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Post  Admin on Thu Jul 30, 2009 3:42 pm

Spam or unsolicited commercial email has become a real epidemic that, as well as slowing down users' communications, also has a significant financial impact in corporate environments.

According to Spam Filter Software Review, in 2002, in the United States alone, junk mail cost businesses almost 9 billion dollars. What's more, in 2003, 40 percent of the emails circulating around the Internet were spam and each user received an average of 2,200 spam messages a year.

Apart from that, spam can also cause corporate networks to slow down and increase bandwidth consumption, resulting in a dramatic increase in these figures. Therefore, it is obvious that spam protection, especially in corporate networks, must be given priority.

Spam can also be used as a means of spreading an even more dangerous threat: computer viruses. A spam message could easily include an attachment carrying a virus or a link to an apparently interesting website, from which malicious code can be downloaded without the user realizing. In the most extreme scenario, a virus could even be hiding in the message code.

None of these tactics are new; they have already been used to infect computers. However, just because they are known, it does not make them any less dangerous. In networks with a large number of users, it is not difficult for one of those users to download or run a virus hidden in a spam message, which will then spread across the network.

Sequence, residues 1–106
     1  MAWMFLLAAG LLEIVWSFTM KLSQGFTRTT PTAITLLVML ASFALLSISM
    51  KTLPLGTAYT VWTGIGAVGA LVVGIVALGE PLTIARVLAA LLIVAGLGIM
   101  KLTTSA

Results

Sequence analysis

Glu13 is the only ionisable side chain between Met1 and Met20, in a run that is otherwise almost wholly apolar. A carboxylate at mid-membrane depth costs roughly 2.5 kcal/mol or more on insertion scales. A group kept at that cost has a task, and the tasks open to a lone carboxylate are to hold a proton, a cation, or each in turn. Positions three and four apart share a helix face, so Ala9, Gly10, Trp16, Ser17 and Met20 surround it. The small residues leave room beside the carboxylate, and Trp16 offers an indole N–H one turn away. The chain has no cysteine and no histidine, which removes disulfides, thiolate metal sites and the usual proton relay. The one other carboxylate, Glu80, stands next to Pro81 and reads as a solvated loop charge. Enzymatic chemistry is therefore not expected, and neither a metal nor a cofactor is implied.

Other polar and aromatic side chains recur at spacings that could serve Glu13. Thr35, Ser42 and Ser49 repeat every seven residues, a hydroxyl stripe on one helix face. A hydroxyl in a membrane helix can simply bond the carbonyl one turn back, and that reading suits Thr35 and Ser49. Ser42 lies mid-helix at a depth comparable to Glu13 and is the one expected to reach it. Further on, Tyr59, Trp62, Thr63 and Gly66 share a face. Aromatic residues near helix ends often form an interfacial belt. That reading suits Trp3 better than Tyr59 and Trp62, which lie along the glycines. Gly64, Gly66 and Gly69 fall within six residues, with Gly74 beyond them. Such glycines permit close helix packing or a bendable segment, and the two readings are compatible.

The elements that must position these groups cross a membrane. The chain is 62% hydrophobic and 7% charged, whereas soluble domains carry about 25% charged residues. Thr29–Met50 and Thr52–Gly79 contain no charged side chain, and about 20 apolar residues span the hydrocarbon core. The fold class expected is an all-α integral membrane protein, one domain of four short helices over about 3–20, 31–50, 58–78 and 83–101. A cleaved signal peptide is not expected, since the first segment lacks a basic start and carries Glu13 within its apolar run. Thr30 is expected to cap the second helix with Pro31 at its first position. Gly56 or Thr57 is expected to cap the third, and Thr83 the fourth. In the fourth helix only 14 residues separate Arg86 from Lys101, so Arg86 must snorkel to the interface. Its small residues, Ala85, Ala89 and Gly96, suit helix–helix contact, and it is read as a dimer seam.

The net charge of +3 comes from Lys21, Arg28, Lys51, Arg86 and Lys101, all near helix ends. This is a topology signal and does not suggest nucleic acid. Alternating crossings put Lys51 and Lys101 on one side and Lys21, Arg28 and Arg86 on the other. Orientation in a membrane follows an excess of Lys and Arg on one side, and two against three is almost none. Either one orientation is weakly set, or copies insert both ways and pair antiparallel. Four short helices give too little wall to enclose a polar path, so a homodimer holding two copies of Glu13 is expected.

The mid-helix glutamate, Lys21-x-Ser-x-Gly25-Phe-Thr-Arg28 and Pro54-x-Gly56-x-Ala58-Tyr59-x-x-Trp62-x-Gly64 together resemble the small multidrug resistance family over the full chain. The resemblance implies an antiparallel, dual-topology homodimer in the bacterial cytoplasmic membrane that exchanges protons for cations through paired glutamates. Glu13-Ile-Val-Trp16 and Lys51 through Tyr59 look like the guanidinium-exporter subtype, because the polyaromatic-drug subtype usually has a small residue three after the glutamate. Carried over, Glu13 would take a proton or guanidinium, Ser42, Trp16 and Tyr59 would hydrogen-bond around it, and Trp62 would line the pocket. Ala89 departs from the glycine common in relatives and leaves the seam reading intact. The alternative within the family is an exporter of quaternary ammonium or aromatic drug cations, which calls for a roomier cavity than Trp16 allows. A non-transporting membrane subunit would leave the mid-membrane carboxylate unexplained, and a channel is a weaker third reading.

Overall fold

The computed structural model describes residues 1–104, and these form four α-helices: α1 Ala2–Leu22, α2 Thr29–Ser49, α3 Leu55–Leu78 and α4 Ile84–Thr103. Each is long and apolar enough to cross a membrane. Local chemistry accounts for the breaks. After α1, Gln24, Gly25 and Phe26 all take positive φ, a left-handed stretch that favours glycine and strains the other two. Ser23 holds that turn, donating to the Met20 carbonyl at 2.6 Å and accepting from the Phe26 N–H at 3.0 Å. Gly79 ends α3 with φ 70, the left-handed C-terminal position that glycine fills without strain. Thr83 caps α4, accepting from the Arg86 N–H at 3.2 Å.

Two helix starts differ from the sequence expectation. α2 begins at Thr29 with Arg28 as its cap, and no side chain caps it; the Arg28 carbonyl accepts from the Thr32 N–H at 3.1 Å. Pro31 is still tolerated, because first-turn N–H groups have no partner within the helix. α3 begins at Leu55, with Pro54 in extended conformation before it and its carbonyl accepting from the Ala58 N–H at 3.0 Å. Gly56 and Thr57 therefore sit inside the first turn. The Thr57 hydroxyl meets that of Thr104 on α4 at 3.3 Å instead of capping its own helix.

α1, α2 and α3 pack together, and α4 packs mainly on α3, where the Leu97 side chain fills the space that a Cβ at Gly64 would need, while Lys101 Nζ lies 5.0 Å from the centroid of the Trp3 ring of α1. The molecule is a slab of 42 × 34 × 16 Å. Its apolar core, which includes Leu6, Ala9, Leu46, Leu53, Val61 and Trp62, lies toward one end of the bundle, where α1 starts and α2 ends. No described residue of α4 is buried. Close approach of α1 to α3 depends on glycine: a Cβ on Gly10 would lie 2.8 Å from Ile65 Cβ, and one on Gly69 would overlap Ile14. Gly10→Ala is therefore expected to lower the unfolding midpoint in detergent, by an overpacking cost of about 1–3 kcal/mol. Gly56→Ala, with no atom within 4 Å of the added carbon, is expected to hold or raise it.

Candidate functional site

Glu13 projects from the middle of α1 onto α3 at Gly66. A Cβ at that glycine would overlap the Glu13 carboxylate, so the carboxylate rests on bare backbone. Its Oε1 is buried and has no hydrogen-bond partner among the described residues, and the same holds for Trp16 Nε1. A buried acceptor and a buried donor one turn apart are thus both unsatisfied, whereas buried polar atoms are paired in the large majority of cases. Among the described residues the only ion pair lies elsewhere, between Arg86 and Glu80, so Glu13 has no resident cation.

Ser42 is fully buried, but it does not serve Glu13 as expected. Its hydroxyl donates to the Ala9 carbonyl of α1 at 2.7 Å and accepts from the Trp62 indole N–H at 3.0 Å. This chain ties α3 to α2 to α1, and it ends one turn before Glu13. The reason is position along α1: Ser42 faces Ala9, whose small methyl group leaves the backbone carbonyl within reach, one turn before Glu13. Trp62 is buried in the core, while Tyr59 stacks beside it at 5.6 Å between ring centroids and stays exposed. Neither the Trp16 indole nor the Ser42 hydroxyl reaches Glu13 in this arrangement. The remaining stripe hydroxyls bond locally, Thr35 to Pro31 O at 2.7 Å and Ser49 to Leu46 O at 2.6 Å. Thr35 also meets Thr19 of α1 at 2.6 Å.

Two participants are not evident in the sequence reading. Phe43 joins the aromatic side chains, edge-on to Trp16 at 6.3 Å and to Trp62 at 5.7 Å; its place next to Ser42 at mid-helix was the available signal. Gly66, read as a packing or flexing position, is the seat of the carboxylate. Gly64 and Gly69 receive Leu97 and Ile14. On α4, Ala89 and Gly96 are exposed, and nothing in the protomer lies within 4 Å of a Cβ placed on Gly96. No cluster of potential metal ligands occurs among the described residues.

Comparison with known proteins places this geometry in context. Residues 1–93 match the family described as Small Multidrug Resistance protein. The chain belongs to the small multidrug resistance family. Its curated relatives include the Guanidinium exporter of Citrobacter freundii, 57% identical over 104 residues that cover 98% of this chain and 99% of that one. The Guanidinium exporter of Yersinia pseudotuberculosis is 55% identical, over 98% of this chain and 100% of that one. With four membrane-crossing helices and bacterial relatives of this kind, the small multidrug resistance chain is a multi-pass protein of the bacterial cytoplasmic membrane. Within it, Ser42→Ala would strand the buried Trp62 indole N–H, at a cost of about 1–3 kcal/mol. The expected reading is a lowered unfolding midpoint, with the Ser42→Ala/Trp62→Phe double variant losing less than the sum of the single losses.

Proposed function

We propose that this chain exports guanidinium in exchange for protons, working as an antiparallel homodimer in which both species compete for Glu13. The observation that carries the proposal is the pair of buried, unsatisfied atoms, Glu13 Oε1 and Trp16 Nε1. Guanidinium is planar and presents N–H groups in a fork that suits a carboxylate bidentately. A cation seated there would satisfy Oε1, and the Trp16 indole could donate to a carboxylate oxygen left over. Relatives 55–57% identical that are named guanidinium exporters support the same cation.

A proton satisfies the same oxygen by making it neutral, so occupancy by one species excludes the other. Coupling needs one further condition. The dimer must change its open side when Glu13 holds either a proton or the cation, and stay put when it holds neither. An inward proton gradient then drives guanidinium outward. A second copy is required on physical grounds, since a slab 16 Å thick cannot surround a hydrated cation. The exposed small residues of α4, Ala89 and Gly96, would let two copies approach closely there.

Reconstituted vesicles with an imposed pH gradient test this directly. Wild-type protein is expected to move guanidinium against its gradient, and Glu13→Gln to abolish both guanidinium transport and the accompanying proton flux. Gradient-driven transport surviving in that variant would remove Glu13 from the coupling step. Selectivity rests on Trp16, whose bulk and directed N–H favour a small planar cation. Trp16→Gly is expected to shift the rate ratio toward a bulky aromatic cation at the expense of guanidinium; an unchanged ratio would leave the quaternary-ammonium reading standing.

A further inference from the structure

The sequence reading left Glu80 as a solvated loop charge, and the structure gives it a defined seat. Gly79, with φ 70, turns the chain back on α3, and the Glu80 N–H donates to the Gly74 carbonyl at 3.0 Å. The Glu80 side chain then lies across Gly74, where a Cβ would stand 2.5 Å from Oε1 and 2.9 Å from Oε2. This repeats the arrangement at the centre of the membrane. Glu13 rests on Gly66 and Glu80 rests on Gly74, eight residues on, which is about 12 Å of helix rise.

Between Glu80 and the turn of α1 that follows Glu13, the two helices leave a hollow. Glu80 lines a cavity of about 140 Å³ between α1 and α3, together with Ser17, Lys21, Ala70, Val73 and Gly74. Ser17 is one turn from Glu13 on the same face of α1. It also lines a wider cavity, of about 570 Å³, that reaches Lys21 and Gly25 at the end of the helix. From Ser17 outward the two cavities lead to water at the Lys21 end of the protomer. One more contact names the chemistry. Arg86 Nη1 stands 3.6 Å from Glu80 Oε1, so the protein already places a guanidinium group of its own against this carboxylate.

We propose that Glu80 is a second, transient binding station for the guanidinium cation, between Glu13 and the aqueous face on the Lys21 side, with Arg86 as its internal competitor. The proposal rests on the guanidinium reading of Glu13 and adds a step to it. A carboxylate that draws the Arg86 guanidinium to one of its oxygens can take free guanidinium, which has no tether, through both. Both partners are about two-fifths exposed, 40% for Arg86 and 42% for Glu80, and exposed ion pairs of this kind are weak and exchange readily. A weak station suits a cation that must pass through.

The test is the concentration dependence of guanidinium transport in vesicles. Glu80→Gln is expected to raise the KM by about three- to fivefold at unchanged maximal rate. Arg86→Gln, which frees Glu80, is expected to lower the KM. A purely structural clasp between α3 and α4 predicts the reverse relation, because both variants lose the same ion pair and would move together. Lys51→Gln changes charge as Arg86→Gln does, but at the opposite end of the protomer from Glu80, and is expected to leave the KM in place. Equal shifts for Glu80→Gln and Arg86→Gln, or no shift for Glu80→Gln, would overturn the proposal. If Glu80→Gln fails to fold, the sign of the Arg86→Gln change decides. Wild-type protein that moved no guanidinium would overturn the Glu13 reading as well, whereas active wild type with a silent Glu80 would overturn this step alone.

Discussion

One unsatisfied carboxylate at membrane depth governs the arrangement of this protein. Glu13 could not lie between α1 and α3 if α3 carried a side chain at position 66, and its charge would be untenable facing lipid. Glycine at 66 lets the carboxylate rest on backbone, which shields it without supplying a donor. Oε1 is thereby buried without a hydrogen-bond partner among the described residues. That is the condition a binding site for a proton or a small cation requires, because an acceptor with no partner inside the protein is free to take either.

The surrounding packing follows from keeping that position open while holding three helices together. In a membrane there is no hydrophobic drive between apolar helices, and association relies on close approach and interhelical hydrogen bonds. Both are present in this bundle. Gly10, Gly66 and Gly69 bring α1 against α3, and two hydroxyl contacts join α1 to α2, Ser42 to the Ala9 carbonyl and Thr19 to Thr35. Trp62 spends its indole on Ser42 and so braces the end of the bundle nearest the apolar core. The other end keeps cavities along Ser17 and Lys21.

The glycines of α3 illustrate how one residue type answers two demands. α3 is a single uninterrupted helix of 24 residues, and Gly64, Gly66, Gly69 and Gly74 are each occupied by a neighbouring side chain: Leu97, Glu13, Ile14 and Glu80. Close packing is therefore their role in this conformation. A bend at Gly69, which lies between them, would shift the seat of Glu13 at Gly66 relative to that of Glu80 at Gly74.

A basic measure to adopt to prevent spam from getting into users' mailboxes is to filter email messages. There are a large number of applications that allow network administrators to define rules that will help identify junk emails. They can configure them to filter email messages by subject, key word, domain, IP address of the sender of the message, etc.

However, spam is evolving at the same pace as security systems, and this means that just filtering messages is not enough. Spammers use all kinds of ruses to slip past any obstacles that try to stop them from reaching their target and for this reason, the system used must also intelligently analyze each message, as well as having the capacity to "learn". This means that it must be able to identify spam messages with minimum administrator intervention.

In companies, correctly identifying spam is not the only problem, but also managing the huge amount of spam messages received every day. Therefore, anti-spam tools must solve this problem. A good solution is to use a computer dedicated to blocking and deleting spam, installed at the connection between the corporate network and the Internet.



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